Much has been said about college campuses and the notion of safe spaces. But, much of what has been said is tangential to the actual issues being raised by students who want colleges to be safe spaces, and consists of straw man and red herring arguments. These are just distraction tactics, meant to move the discussion away from meaningful dialogue, so as to maintain the status quo. To understand why this is happening, some of the misinformation must first be brushed aside, and the history behind the unsafeness of college must be exposed.
What is a safe space? When students say they want their college campus to be a safe space, what are they even saying? The predominate counterargument, used by both progressive and conservative media outlets to decry safe spaces, is that students are demanding the right to never be offended or have their ideas challenged. These pundits and commentators reframe the legitimate preferences of the students into a generalized attack on millennial sensitivities and entitlement. Never mind, of course, that many students aren’t even millennials, and that anti-millennialism just uses new language for the age-old practice of discrediting the youth as naive and unfit to make decisions for themselves.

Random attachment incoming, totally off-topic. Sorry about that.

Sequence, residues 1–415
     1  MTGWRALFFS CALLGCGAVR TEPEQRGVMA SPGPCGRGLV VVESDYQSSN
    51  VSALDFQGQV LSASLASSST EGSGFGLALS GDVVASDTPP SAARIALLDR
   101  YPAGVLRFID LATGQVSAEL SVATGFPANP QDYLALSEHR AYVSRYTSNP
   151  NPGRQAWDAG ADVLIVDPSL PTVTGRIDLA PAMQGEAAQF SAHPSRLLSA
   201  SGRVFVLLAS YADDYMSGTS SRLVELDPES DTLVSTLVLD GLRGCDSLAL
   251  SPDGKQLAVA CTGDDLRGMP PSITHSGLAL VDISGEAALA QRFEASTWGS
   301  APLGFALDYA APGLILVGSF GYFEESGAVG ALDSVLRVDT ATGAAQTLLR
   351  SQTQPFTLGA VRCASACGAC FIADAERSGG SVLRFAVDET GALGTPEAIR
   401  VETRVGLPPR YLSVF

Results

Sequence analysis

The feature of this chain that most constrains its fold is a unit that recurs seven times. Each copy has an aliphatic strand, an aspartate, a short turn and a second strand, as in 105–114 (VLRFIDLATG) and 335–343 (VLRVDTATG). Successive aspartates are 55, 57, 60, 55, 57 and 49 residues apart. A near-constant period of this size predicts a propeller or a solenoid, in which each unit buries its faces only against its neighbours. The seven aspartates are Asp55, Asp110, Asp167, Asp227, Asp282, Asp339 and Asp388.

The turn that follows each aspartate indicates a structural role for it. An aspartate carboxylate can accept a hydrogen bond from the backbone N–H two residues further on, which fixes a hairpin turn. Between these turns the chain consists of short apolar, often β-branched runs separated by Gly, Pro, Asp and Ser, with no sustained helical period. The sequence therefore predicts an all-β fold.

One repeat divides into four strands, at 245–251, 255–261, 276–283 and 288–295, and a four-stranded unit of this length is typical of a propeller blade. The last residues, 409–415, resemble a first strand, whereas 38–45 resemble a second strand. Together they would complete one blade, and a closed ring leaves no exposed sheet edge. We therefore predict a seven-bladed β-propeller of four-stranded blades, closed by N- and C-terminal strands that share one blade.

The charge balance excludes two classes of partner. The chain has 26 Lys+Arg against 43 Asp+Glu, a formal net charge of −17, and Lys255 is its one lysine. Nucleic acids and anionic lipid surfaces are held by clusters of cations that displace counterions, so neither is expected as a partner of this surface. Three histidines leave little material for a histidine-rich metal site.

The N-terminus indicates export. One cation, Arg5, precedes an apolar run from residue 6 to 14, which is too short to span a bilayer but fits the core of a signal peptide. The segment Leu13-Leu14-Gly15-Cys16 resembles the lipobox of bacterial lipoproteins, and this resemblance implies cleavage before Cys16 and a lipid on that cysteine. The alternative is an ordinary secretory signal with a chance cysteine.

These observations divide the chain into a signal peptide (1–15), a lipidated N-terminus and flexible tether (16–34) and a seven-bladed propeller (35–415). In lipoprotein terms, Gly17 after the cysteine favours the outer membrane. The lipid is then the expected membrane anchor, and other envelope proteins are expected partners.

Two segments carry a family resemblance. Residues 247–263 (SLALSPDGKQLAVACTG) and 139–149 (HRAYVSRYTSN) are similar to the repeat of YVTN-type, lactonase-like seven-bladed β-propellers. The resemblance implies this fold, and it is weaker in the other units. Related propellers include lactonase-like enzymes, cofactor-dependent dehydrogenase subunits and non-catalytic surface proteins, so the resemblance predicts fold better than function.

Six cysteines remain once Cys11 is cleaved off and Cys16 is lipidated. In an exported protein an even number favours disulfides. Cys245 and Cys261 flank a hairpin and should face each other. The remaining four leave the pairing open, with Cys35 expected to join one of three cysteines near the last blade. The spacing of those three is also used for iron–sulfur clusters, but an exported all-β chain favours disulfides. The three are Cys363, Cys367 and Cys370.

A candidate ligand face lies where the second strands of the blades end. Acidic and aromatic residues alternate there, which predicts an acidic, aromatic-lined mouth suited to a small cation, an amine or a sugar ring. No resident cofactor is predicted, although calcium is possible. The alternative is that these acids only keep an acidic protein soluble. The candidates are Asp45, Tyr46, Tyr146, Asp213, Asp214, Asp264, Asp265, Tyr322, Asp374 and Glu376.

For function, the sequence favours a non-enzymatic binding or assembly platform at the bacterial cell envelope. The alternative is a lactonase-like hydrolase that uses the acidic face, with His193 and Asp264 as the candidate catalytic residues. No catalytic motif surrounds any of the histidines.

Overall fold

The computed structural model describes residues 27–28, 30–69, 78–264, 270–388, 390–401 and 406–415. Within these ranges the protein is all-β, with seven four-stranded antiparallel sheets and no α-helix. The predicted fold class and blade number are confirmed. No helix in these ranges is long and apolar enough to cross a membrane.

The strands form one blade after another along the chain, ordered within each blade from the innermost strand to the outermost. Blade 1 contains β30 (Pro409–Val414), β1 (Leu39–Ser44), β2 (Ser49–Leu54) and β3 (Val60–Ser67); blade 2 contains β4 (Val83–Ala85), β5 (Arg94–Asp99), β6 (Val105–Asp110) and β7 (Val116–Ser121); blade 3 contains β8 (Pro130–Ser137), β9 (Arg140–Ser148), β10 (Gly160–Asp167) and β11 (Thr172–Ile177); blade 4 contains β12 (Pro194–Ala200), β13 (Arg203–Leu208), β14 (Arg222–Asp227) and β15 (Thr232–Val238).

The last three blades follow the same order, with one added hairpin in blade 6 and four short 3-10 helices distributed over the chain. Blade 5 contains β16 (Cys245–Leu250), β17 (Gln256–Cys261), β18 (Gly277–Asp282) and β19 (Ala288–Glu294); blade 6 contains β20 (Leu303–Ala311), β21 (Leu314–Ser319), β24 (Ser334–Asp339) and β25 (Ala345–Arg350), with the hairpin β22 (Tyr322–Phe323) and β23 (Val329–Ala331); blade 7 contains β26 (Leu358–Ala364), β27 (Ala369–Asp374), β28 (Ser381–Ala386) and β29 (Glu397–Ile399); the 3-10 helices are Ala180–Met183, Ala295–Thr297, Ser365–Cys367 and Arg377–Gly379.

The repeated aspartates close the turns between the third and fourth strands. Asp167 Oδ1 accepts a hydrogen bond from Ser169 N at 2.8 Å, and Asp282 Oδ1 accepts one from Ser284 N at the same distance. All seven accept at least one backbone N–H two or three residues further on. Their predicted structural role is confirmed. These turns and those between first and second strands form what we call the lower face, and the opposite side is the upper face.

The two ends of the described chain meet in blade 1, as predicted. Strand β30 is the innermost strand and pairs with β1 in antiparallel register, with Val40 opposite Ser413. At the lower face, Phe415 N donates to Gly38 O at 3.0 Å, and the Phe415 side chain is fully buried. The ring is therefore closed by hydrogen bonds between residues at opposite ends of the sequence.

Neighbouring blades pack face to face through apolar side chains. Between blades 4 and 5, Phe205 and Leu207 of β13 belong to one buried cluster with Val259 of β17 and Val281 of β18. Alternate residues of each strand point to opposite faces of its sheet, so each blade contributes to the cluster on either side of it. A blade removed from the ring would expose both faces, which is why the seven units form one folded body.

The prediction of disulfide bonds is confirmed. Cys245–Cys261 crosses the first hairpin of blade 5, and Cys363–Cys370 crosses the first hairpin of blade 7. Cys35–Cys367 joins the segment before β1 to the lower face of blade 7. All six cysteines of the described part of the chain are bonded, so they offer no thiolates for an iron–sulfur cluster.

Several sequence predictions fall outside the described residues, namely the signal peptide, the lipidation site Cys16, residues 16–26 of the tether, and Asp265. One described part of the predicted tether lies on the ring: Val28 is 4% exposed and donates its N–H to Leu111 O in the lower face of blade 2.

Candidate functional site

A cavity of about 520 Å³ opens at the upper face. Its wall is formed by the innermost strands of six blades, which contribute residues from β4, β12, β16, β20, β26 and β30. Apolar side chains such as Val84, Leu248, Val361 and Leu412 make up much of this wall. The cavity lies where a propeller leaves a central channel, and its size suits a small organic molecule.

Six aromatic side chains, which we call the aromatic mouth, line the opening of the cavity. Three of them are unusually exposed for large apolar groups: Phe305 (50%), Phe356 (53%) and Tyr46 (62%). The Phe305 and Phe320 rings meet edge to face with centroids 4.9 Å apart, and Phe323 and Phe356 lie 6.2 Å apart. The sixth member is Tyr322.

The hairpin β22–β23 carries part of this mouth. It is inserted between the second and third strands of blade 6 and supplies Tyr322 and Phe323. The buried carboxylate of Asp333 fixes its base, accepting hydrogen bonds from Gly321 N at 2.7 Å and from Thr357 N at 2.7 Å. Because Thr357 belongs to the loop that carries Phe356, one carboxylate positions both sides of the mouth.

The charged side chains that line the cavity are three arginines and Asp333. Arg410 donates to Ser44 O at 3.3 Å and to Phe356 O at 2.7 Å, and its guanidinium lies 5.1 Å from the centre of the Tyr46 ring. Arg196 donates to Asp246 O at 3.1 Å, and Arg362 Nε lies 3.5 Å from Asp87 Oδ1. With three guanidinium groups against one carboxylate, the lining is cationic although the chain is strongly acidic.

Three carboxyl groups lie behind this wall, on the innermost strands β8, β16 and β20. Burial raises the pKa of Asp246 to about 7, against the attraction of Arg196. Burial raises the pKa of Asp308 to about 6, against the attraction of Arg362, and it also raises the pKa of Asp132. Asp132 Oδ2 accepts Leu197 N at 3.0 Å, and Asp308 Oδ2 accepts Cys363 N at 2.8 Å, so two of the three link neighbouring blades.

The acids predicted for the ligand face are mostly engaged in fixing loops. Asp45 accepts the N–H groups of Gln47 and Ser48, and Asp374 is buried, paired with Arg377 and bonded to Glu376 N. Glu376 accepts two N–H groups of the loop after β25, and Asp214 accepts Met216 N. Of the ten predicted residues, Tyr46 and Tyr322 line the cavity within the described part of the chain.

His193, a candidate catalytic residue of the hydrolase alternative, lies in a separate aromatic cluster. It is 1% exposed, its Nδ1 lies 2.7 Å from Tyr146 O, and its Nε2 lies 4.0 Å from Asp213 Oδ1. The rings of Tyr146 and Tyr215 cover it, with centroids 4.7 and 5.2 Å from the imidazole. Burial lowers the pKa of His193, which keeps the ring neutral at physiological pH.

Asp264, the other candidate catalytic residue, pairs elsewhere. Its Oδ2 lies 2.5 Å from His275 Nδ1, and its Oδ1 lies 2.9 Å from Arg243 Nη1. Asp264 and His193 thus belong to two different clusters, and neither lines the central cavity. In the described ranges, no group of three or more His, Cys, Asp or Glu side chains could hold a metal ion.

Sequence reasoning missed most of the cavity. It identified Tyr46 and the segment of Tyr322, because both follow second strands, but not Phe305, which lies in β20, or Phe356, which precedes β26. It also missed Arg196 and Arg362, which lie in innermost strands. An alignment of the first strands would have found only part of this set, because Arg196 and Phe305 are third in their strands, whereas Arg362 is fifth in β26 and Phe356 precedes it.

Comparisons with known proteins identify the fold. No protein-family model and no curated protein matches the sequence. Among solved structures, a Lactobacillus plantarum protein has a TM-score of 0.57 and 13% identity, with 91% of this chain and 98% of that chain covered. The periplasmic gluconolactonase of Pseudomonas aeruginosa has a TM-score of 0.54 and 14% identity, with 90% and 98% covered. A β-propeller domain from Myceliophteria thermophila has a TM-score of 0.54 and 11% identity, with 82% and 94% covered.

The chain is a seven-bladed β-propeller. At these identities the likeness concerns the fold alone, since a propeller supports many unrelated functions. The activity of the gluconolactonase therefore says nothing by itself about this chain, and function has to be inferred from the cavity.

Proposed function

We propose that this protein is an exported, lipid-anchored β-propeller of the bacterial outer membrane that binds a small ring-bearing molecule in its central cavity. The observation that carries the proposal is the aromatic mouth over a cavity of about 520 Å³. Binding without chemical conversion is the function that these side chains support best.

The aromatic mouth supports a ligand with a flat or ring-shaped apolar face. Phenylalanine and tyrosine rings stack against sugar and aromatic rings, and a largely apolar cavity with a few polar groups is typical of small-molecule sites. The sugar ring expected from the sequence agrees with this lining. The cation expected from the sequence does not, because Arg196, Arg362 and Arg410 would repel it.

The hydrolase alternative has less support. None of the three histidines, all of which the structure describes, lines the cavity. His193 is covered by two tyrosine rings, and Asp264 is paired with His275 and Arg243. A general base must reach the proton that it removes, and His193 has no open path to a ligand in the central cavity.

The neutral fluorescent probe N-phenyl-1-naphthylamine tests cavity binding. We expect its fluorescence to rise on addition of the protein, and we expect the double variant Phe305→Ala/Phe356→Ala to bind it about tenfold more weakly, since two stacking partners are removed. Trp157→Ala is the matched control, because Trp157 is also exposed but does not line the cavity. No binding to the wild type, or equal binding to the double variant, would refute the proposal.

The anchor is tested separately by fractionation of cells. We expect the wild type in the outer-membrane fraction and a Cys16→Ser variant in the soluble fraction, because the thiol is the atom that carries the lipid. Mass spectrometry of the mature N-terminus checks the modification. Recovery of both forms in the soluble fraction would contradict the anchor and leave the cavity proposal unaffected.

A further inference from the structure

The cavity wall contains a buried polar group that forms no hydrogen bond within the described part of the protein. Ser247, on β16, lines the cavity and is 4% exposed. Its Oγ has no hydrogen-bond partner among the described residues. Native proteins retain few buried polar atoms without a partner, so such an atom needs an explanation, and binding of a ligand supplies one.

But, is that what a safe space is? If you listen to the students who are asking for their campuses to be safe spaces, then you cannot conclude they are demanding the right to never be offended or have their ideas challenged. They are demanding to not be traumatized or harrassed. They are demanding that systems of oppression broadly present in society be eliminated on college campuses. Why? Because these practices deter from their ability to learn, and learning is the whole reason they are spending some of their most productive years, early in the primes of their intellectual and physical capabilities, learning from experts and teachers from previous generations.
Let’s talk for a minute about where offense ends and where harassment begins. If you are a sensible person, then you would agree that a college campus should not be a place where racial slurs are used casually by students and staff to demean racial minorities. You would agree that it is not tolerable for a group of white people to assemble in front of the classroom buildings and hurl racial epithets at every passing person of color. You would agree, too, that it would be inappropriate for a group of men to assemble and collectively harass every passing woman with lewd comments.